November 23rd in nerd history: It's bigger on the inside

November 23rd in nerd history: It's bigger on the inside
Copyright by BBC and other relevant production studios and distributors. //

Here are five things that happened on November 23rd at the intersection of nerd and pop culture.


Birthdays of honor: Boris Karloff (1887), Harpo Marx (1888), Miley Cyrus (1992), Dominique Dunne (1959).


It's not often that we highlight something before the 20th century, let alone a couple of thousand years ago, but today we're doing just that, and there's nothing you can do about it.

That's because today in 534 B.C., the first person to ever take the stage and pretend to be a character, instead of themselves, did so when Thespis of Icaria stepped out from the chorus and put a mask on. As told by Aristotle, this was quite a surprise and completely revolutionized theater from that point on.

In reality, it's more likely that Thespis was the first or among the first in the Western world to do so for a written play. Oral histories and other traditions had already featured some type of acting, but the Greeks are who we remember so now we call actors and actresses Thespians.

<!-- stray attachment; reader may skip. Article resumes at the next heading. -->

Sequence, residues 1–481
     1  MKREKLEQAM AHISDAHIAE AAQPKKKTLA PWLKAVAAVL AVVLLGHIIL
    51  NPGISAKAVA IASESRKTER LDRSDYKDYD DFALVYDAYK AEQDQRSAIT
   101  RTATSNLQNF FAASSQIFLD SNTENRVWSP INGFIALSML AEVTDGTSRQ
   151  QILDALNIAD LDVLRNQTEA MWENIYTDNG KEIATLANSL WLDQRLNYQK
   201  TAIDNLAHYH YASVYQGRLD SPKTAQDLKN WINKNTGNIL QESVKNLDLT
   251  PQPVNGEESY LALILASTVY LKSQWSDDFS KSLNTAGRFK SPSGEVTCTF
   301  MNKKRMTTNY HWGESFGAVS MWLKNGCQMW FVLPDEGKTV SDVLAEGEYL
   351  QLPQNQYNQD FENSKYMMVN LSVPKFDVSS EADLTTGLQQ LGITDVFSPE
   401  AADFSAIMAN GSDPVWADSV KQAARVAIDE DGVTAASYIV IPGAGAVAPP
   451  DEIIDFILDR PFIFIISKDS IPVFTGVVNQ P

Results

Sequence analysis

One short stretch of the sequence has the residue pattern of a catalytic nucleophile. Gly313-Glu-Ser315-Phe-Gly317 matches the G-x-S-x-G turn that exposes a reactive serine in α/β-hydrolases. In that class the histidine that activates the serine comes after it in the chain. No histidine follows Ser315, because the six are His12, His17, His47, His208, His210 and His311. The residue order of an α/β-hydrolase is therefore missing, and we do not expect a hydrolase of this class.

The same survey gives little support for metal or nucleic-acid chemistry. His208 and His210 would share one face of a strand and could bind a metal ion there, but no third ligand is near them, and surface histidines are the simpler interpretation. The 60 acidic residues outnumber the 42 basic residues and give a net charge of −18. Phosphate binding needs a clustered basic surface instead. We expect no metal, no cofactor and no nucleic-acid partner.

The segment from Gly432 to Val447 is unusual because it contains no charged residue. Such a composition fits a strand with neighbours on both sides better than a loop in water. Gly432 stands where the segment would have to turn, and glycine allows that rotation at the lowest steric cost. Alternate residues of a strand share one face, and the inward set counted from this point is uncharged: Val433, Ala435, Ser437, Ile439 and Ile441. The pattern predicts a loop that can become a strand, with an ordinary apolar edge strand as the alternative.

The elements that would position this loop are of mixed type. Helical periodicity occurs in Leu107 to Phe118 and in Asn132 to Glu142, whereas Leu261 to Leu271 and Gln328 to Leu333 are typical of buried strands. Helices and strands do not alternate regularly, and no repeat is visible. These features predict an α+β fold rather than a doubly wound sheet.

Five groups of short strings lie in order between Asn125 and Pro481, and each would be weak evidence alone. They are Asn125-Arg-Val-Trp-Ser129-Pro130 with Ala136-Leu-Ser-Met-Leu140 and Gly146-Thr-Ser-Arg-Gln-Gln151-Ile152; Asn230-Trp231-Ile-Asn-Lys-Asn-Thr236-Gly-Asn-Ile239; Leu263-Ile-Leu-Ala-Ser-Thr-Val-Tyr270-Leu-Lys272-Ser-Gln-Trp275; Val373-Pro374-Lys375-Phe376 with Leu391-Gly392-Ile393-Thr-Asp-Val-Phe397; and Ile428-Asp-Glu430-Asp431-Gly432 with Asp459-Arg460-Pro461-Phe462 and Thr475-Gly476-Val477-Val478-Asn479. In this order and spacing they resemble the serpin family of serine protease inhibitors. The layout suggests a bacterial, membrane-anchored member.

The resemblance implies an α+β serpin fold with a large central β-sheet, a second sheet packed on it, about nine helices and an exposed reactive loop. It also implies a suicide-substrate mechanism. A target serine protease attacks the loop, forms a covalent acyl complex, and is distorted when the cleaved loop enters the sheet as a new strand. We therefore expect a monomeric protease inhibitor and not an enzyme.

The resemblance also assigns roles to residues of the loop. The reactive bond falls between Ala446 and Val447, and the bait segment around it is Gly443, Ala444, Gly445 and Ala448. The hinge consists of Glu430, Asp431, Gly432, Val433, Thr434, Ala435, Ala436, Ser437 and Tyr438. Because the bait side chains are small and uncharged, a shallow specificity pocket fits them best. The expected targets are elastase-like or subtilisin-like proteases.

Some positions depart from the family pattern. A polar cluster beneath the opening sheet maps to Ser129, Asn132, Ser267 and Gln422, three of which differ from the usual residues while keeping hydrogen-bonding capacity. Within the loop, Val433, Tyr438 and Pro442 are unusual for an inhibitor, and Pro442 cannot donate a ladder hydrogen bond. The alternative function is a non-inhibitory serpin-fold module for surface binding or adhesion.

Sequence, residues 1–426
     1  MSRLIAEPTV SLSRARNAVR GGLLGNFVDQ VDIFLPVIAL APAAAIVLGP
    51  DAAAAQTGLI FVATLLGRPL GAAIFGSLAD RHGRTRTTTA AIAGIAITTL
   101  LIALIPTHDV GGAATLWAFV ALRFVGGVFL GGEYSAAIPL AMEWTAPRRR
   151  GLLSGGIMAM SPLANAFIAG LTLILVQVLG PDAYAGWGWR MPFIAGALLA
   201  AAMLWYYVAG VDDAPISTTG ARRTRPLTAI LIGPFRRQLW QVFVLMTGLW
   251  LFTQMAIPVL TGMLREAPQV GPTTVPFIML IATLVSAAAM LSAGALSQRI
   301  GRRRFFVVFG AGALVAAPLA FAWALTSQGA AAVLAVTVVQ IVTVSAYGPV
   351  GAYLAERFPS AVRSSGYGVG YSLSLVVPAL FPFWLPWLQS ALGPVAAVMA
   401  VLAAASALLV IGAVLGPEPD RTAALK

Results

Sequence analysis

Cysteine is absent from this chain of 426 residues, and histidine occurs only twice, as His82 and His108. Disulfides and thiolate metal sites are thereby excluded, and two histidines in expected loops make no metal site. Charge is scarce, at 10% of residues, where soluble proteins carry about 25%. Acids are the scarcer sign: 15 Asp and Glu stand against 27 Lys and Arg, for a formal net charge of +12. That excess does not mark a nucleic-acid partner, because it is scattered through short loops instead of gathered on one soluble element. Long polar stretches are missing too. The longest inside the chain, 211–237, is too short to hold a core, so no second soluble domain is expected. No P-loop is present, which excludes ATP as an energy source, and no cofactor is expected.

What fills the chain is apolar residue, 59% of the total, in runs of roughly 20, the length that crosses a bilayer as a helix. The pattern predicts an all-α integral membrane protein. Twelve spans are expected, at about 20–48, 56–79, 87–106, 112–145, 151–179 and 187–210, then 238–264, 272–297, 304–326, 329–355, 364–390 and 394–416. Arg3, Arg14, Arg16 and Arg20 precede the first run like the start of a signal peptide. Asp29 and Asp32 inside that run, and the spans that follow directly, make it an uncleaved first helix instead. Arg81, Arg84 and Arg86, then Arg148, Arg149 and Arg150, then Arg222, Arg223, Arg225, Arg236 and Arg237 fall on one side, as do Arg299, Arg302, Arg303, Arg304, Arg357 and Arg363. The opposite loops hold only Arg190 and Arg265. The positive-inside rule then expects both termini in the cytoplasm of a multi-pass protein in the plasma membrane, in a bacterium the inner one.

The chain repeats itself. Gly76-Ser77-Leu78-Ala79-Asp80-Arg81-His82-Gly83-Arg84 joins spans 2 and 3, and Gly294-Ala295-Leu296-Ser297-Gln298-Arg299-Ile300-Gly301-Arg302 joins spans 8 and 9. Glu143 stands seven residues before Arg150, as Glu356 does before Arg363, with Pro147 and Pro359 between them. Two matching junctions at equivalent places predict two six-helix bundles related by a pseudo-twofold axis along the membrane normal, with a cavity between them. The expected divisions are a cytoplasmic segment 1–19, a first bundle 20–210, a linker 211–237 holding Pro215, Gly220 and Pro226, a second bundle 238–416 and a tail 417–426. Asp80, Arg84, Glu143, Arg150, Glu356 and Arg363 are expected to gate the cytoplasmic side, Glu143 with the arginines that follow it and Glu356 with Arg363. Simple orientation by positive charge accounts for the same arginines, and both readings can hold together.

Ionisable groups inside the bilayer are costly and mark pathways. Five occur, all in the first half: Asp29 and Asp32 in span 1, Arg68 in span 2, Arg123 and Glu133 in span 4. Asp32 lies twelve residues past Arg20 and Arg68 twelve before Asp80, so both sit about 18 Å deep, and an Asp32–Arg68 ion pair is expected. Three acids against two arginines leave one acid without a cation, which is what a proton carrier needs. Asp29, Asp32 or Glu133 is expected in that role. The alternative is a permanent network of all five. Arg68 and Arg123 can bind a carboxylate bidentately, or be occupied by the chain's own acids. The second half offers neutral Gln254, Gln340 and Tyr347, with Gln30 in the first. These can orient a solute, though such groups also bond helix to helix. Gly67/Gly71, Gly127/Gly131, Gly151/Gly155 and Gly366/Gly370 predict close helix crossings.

All of which is to say, we highly encourage you to interrupt the Thanksgiving activities today and recite any monologue of your choice. Bonus points if it's the Valley of Death speech from Pulp Fiction.


60 years ago today, in 1963, An Unearthly Child aired on BBC — which just so happens to be the first episode in the first story for a little show called Doctor Who.

Despite initial mixed success, in part due to the shadow of JFK's assassination a day earlier, the show filled a compelling gap between children's shows and adult dramas. Obviously, the formula proved pretty damn successful.

There are so many episodes of this show that nearly 100 of them were lost to history, as the BBC simply deleted them so they wouldn't have to archive them. In this first serial, we're introduced to the TARDIS and the Time Lord — but the idea of a regenerating Doctor wouldn't come until later, after producers concocted the idea as a way to replace lead actor William Hartnell, whose health was deteriorating.

Guinness World Records recognizes Doctor Who as the longest-running sci-fi TV show of all time.


25 years ago, one of the greatest video games of all time was released when The Legend of Zelda: Ocarina of Time came out for the N64 in 1998.

It was the first Zelda game to feature 3D graphics and introduced elements like a target-lock system and context-sensitive buttons, which have become mainstays of 3D games today. And, as illustrated in the gif above, you could play an instrument to travel through time. How cool is that?!

Selling almost 8 million copies in its lifetime, Ocarina has been ported and re-released roughly a billion times, because, again, it's one of the best games ever made.


If you were heading to the movies today in 1981, you probably had a ticket for Time BanditsThe fantasy adventure movie from Terry Gilliam was enjoying a four-week run at the top of the box office.